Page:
I had to leave early today to drive to the airport for a two and a half month journey to Europe. After stopping over for a few days on the mainland to see some friends, I will visit my family in Munich and then go see my teacher Sogyal Rinpoche for six weeks at Lerab Ling, his main center in the South of France. When I left home this morning it marked the end of an important phase in my life: settling back into a new life after the three year retreat. We found a wonderful inspiring and healing environment to live in, settled into a new home.
It has been busy the last couple of weeks getting everything in order to leave. I have kept up my practice and even managed to type up my reflections, but just didn’t find the extra time to post them on my blog. I now have plenty of stuff for a bunch of posts that just needs a bit of putting together and editing. In theory, it should be easy to catch up posting these reflections, when I find some spare time during my travels. I will give it a try. Practically speaking I am not sure it will work that way. I usually find that if I don’t finish up writing up my reflections when they are fresh in my mind they fade away. Let’s see!
I had mixed feelings about going away for such a long time. A part of me didn’t want to leave. I was just beginning to feel settled here and wanted to just stay, take it easy for a while and have some quiet time for study and practice. I felt I needed some more time to digest the rich and intense experience of the three year retreat, before being ready to return to Lerab Ling and visit my friends and family.
The farewell was not easy. I had to say good bye to my wife who decided to stay behind this summer because the traveling would be too hard on her health. I spent a few moments with our latest addition to the family: our two sweet little kitties Bodhi and Chitta (you can read all about them on mywife’s blog alwayswellwithin.com). Chitta hurt on of her paws a few days ago and is limping but fortunately the vet thought she would be ok. That was a great relief to find out.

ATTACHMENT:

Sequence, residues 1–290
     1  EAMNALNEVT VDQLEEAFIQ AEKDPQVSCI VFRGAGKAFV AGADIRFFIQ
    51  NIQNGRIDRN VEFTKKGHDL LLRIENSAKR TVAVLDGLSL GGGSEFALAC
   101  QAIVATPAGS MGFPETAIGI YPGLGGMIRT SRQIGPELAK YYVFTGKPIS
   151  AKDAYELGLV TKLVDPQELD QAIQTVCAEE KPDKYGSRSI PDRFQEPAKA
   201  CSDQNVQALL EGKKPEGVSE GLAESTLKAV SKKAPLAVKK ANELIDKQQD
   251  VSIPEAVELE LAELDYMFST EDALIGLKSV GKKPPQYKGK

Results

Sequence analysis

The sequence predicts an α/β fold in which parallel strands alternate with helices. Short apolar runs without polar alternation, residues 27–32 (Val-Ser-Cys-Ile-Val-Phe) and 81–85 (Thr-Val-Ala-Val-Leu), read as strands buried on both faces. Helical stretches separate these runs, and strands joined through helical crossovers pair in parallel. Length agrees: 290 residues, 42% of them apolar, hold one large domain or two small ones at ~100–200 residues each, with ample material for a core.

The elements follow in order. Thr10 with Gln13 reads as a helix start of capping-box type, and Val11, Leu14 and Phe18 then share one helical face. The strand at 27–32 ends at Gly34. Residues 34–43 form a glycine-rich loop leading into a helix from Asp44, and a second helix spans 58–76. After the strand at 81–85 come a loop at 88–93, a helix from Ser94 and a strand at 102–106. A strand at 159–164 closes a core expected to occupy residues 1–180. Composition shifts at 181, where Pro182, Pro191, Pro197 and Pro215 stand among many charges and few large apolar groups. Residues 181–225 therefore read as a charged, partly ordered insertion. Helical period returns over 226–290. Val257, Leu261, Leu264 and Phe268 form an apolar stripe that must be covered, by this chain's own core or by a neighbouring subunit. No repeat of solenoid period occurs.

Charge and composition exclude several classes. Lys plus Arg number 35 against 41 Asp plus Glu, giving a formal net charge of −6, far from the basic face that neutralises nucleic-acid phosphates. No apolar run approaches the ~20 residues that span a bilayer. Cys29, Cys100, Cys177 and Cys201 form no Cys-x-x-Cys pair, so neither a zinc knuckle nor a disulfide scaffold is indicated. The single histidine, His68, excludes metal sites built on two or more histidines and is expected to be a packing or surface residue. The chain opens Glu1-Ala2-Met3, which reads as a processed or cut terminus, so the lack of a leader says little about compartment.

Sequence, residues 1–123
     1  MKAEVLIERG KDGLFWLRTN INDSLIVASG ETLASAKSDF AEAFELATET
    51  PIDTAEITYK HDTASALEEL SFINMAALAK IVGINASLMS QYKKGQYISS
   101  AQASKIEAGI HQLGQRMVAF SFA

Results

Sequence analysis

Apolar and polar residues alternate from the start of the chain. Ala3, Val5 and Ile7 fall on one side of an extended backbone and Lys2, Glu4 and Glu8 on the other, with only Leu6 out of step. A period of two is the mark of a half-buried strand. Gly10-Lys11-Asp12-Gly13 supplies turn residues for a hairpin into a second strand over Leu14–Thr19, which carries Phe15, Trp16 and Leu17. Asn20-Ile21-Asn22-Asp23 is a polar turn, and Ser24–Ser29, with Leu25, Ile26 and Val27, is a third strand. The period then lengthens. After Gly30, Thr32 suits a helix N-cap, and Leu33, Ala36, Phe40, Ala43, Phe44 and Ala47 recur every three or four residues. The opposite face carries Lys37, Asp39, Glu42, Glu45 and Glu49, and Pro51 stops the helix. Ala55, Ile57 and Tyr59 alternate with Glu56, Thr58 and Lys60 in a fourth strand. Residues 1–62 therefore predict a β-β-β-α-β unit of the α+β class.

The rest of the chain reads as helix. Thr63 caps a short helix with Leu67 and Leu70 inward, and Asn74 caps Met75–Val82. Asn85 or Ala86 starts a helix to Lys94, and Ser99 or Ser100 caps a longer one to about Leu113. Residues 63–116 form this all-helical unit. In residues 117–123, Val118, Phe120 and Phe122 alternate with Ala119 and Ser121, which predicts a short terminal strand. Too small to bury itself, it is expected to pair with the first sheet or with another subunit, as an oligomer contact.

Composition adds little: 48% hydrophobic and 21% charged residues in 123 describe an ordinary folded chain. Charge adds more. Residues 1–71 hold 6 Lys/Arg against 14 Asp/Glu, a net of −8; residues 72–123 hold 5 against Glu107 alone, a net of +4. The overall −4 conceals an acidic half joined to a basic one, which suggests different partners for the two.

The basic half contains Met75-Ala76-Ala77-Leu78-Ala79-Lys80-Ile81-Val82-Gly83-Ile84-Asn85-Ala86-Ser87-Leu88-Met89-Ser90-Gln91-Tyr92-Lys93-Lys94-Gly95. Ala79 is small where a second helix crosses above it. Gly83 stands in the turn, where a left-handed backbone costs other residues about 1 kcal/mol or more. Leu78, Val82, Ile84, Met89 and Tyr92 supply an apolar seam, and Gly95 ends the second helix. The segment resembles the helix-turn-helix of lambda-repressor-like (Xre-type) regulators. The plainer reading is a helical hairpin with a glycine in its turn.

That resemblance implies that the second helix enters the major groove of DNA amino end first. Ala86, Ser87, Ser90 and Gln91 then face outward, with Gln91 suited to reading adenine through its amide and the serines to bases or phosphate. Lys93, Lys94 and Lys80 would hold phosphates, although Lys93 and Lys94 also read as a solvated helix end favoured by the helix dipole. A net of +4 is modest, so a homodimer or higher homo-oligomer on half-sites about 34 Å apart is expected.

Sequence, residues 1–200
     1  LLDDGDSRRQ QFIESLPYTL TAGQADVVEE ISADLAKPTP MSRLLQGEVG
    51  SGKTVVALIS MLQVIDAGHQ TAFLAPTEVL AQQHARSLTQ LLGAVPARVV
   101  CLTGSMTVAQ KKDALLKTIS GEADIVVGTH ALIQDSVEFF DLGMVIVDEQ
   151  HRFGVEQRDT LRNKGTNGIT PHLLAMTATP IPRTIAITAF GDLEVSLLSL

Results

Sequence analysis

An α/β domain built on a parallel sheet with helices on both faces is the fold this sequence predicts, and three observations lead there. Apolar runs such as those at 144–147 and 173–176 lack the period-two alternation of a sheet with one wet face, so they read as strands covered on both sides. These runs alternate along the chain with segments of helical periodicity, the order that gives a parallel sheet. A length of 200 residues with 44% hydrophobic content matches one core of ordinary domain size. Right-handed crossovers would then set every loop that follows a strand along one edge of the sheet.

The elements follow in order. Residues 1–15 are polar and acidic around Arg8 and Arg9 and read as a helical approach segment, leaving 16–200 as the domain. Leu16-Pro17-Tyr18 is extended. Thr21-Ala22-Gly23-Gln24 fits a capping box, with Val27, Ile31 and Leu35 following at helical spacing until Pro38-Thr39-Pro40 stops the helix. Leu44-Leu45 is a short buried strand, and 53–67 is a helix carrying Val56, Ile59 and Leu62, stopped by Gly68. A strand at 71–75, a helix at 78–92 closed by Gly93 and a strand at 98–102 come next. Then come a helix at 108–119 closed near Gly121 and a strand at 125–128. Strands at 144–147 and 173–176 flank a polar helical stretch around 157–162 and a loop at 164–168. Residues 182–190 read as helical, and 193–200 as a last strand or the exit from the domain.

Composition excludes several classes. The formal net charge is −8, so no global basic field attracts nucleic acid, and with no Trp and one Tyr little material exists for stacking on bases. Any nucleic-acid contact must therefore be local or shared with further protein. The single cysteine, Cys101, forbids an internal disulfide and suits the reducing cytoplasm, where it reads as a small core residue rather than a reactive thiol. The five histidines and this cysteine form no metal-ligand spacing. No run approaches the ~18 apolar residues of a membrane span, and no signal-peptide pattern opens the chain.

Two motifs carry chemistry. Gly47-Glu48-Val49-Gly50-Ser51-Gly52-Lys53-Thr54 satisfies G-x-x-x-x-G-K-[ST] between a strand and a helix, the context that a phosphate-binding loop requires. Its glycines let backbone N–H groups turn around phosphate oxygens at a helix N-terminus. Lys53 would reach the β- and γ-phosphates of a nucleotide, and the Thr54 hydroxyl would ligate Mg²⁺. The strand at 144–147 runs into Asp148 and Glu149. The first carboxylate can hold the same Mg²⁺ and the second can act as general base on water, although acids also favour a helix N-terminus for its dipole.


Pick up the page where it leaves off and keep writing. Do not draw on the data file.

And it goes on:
The drive to the Kona airport on the other side of the Big Island is very scenic and inspiring. The road goes high up through the mountains and passes by the two volcanoes Mauna Kea and Mauna Loa. As I was driving I felt deep gratitude for having met the Buddhist teachings. Why? Because they help me to understand what I am as a living being and they provide me guidance to live my life. They show a path that will ultimately lead to “nirvana,” a natural state of freedom beyond suffering, where my awareness will embody and manifests its true nature and being: pure, omniscient and capable of manifesting in myriads of ways to help other beings. Until I get there, the teachings will help me deal with both life and death and even what comes beyond that.
I am still at the very beginning of the path but the way I look at it, it doesn’t matter. The teachings say that just taking refuge in this truth and the path leading to it will ensure that liberation will eventually happen. In my tradition there are special teachings that are said to be able to bring enlightenment in this life. If you are practitioner of the highest capacity, that is. I don’t have my hopes up. With the pace that I am going at, there is no way that this going to happen in my case. The more I understand about what enlightenment means and the clearer I see my habits and obscurations, enlightenment seems far away, if not almost impossible.
I like the Zen approach to this: enlightenment may seem impossible but we try anyway. It may seem impossible to liberate all beings but we vow to do it anyway! Because it is the only thing worth doing! The most noble endeavor we can devote our life towards! It took Buddha three countless eons to travel the path to complete awakening. Maybe it will take me several dozen countless eons! I am okay with that, because I understand that fundamentally my being is indestructible and as long as I cultivate and strengthen a pure intention to work towards this noble goal of a nirvana not just for myself but all being, it will eventually come true.
I know these things intellectually but it is no so often that I feel them deeply. It took me over twenty years time to be able to sometimes feel this more deeply and feel deep confidence about the truth of it. This morning I also felt a deep gratitude for my teacher who showed me this path. Without his kindness my life would not be nourished and infused with meaning by the nectar of the Dharma.
This morning, on the way to the airport my hesitations about the trip dissolved. I feel ready to visit my friends and family and go back to Lerab Ling.